In these so-called post-modern times in contemporary art and media, which extol ostensibly non-judgemental ambiguity both ethical and narrative, there is a hunger for full-blooded, ferocious art that does not shy away from meaty issues of spiritual corruption, of right and wrong. No writer answers this need so perfectly and passionately as William Shakespeare. While the rest of the world can take him totally for granted and can afford to deconstruct and casualise him, he is barely heard of in Thailand, a country that is actually living through Shakespearean times.

This “Shakespearean horror movie”, a tale of politics and black magic, translated into Thai directly and exactly from ‘The Tragedy of Macbeth’, with some cinematic and Thai cultural adaptations , takes place in two parallel worlds: inside the theatre, the world of the play about the ambitious and bloody general who becomes king through murder, and the ‘outside world’ in the contemporary lives of a non-specific country’s superstitious, megalomaniacal and murderous dictator, known only as ‘Dear Leader’, and his scary high society wife. Events in the twin worlds mirror and soon bleed into each other until they catastrophically collide, when the players must pay dearly for staging such a play in a society ruled by such a man.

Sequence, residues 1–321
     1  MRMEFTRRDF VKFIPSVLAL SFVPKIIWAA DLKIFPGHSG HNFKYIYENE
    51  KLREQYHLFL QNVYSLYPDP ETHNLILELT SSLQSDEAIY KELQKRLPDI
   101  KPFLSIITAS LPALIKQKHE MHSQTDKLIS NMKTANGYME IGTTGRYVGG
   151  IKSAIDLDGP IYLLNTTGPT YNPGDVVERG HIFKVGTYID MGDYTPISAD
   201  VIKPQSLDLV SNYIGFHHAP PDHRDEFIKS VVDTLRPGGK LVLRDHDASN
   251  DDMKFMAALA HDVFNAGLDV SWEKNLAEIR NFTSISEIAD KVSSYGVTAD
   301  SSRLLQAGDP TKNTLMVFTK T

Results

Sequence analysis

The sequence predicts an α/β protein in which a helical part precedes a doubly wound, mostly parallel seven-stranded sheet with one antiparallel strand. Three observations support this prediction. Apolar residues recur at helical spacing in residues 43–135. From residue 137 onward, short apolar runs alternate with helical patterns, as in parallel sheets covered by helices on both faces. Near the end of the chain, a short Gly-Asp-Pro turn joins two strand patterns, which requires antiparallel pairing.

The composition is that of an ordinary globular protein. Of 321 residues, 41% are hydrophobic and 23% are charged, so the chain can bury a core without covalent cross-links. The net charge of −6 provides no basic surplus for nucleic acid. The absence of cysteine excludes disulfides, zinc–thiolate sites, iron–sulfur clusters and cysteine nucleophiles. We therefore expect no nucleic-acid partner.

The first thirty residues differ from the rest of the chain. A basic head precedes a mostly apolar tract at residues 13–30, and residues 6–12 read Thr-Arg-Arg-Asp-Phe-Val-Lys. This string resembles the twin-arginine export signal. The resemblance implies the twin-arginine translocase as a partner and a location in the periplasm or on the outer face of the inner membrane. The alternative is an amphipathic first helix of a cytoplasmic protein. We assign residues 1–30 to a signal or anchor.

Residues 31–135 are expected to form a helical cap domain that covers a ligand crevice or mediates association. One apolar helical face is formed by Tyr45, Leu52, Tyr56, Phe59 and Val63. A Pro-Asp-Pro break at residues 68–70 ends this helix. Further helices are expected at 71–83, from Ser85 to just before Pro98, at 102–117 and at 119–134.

The horror of Shakespeare Must Die lies not only in the obvious horror movie elements as the supernatural antics of the ghosts and the three witches, whose prophecies precipitate Macbeth’s rise and fall. The true horror here is indivisible from the tragedy of a man and his ‘fiend-like’ wife who had everything in their love, but whose limitless ambition causes them to lose it all—each other, their lives, their very soul, to their own dark side. The tragedy and the horror come from the fact that the hero and heroine are also the villain and villainess, their own as well as their country’s worst enemies.

In the world of the theatre, the tragedy ends with their deaths, but in the real world of the film, the tragedy begins as Dear Leader’s fanatical followers burst into the playhouse and, enraged by this perceived affront to their idol, massacre everyone present. Amidst sounds of cheering, the play’s director is hanged; Shakespeare must die because art cannot be allowed to fulfill its mission to challenge fear and reveal the truth, thereby undermining the foundations of tyrannical power.